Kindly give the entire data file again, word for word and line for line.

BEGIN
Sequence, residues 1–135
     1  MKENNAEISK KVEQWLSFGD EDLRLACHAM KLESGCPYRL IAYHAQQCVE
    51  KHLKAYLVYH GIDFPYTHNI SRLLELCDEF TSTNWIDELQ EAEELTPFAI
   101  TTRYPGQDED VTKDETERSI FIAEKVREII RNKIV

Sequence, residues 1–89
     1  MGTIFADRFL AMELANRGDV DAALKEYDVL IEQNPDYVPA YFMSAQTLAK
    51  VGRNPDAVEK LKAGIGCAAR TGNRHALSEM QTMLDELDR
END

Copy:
Sequence, residues 1–135
     1  MKENNAEISK KVEQWLSFGD EDLRLACHAM KLESGCPYRL IAYHAQQCVE
    51  KHLKAYLVYH GIDFPYTHNI SRLLELCDEF TSTNWIDELQ EAEELTPFAI
   101  TTRYPGQDED VTKDETERSI FIAEKVREII RNKIV

Sequence, residues 1–89
     1  MGTIFADRFL AMELANRGDV DAALKEYDVL IEQNPDYVPA YFMSAQTLAK
    51  VGRNPDAVEK LKAGIGCAAR TGNRHALSEM QTMLDELDR